Leaving a high-flying job in consulting, Angela Duckworth took a job teaching math to seventh-graders in a New York public school. She quickly realized that IQ wasn't the only thing separating the successful students from those who struggled. Here, she explains her theory of "grit" as a predictor of success.
Originally published on Fri November 15, 2013 10:13 am
I think I can see something.
A few years ago, cognitive scientist Duje Tadin and his colleague Randolph Blake decided to test blindfolds for an experiment they were cooking up.
They wanted an industrial-strength blindfold to make sure volunteers for their work wouldn't be able to see a thing. "We basically got the best blindfold you can get." Tadin tells Shots. "It's made of black plastic, and it should block all light."
In a barn outside Manhattan, Kan., researchers from Kansas State University are trying to solve the riddle of bovine respiratory disease. They're sticking plastic rods down the noses of 6-month old calves, collecting samples of bacteria.
Much of the world is turning hotter and dryer these days, and it's opening new doors for a water-saving cereal that's been called "the camel of crops": sorghum. In an odd twist, this old-fashioned crop even seems to be catching on among consumers who are looking for "ancient grains" that have been relatively untouched by modern agriculture.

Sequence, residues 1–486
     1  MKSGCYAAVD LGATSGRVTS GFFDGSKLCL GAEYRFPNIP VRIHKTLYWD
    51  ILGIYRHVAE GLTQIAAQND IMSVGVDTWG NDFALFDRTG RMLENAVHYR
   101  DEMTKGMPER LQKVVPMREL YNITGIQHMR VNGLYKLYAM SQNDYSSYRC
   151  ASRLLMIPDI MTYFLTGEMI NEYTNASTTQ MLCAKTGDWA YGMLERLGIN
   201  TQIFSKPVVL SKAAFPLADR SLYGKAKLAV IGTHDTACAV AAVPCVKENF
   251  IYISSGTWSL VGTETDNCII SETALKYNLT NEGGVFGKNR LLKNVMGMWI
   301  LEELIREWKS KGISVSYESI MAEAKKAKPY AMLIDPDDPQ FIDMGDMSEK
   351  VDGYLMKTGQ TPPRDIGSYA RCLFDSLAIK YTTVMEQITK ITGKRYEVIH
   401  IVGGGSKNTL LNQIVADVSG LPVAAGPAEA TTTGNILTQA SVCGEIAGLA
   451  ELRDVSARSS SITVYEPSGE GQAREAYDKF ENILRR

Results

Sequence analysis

Sorghum isn't nearly as famous as the big three of global agriculture: corn, rice and wheat. But maybe it should be. It's a plant for tough times, and tough places.
Originally published on Thu October 31, 2013 11:23 am
By Barbara J. King
Credit Linda Bucklin / iStockphoto.com
On Halloween, we play around with what may scare us. Kids suit up in zombie and vampire costumes, of course, and there's also a lot of imagery connected directly with our own life trajectories: skeletons, skulls, gravestones, cemeteries.
International monitors announced Thursday that Syria has completely destroyed its equipment for making and filling chemical weapons. But the destruction of the chemicals themselves — more than 1,000 tons of toxic ingredients — is going to be a far more daunting task.